St Thomas’ Church

(Based on the official “Statement of Significance” drawn up for the Church Council in 2007)

History of the Area

In the 19th century Keresley was a very desirable area. Many prominent Coventry businessmen kept large houses in this village, and a number of these got together to found the church building and the parish. By the end of the 19th century the area was still rural, dominated by a few big houses. During the 20th century the general housing of Coventry was developed right up to the churchyard wall on the South and East sides, to the North there is still only the Vicarage and a (Roman Catholic) Secondary School.

Setting of the church

Today the church stands in an extensive churchyard (closed) of about 4 acres, fronting onto the busy B4098 Tamworth Road. There are some large very mature trees (subject to Tree Preservation Orders) set in the grass between the church and the road. The oldest part of the churchyard is surrounded on the South, West and North sides by a fine sandstone wall with triangular coping. The City Council have designated the area as a Greenbelt, but it is not a Conservation Area. The attractive setting is popular for weddings and other events.

Within the West end of the graveyard there are monuments to quite a number of the wealthy families of this part of Coventry including William Hillman the car maker. There is also a large War Memorial situated between the main road and the church tower.

Description of the church

The church was completed in 1847 to designs by Benjamin Ferry, the land and stone were the gift of T.B.Troughton. The whole premises are quite small, they were described by one architect as “Disney Style” (ie built at slightly less than life size to accentuate the romanticism). The original church consisted of a 4-bay Nave (16.5m x 8m) with West end Gallery, a Chancel (5.5m x 5.5m), and a West end Tower with Spire (approx 30m high). There is a small South porch.

Externally the walls were all of dressed sandstone, pierced with rather small gothic arched windows on the North and South sides. The only stained glass is from the 1870s at the East end: a rose window depicting the Beatitudes above 3 lancets showing the Resurrection and the raising of Lazarus and the widow of Nain’s son. The roof is covered with clay tiles, over exposed black wooden beams. Internally the walls are white painted plaster with a simple string moulding. The tower now houses 6 bells (recast in 1980) and a clock whose 2 faces were recently restored. There is a large octagonal font placed in the main aisle in front of the main door. The organ by Whitely (1897) is located in the Gallery.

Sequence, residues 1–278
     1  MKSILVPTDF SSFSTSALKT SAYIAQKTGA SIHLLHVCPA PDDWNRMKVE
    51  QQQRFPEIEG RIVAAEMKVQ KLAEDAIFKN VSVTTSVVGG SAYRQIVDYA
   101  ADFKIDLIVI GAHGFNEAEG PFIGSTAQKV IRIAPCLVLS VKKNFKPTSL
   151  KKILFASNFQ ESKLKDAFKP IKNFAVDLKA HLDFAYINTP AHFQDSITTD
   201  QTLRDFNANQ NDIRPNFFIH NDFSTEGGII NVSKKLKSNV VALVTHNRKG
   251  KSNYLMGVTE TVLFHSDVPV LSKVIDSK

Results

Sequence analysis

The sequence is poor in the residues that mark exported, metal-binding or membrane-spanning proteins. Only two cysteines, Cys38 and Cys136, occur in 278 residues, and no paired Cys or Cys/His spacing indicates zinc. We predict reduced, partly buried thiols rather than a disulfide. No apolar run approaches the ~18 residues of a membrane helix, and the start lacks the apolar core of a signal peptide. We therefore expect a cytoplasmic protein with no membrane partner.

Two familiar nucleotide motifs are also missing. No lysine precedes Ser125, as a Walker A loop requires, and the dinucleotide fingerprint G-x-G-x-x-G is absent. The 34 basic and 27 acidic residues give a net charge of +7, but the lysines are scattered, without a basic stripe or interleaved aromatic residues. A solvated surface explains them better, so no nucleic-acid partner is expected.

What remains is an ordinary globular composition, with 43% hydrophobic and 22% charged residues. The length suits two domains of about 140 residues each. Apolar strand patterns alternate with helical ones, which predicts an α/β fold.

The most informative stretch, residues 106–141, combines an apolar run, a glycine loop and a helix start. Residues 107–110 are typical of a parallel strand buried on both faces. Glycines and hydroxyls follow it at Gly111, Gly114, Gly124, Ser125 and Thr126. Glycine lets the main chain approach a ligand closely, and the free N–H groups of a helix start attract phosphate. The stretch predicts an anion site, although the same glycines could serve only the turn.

Because of the small size of the church, it was built with 2 very narrow aisles between the pews in the Nave and Balcony to maximise the seating. Clearly this was impractical, and since then nearly half the seating has been removed, the central block of pews was taken out many years ago making way for the organ in the balcony and a strangely wide aisle in the nave. About 40% of the pews on the North side of the Nave have been removed at various times, together with all the original chancel furniture apart from the communion table. The pulpit was also moved to its present nave position about 100 years ago.

The pews once all stood on plinths of suspended wooden flooring which by the time of the 1st World War was rotting, at that time the decision was taken to make a solid concrete floor under the pews with wood block covering. A small amount of suspended flooring remains although it is showing signs of rot. The centre of the nave is the only part of the church to have York flagstones (It has been infilled in patches with concrete where an earlier heating system had vents all the way down.) The original Chancel flooring was replaced with tiles in the 19th century, then covered over in the 20th century – see below.

A flat roofed vestry was added in the 1970s to the South East side, this is in matching (salvaged) stone. The communion table was brought forwards within the chancel and the platform extended in wood to accommodate this, there is a carpet glued onto the tiled floor. In order to provide better access to the Gallery, a large wooden staircase was erected in the nave which overshadows the Font. (The alternative access is via a very steep and narrow spiral stair in the Tower.) In the late 1980s a church room was added on the North side of the Nave, called the Galilee Room – due to shortage of funds this was rendered externally in coloured mortar instead of matching stonework. Part of the Nave floor has been covered by a loose carpet for a number of years in order to make it look better.

There remain about 25 original pews, they are made of oak with large Fleu-de-Lys ends and low doors to the aisle. Some are still in their original position though some were rearranged, there is evidence of some rot and woodworm damage. The pews arouse very mixed feelings amongst present day church users, some people express a fondness for them even though though most agree that they are uncomfortable, and the large “Poppy Heads” provide a very effective block to the lines of sight in the Nave. A modern gas fired central heating system was installed in 2000 which cuts through the base of every pew.

The Church Council has been working for a number of years on plans to improve and extend these premises, it is hoped to add the details of this scheme to the website in due course.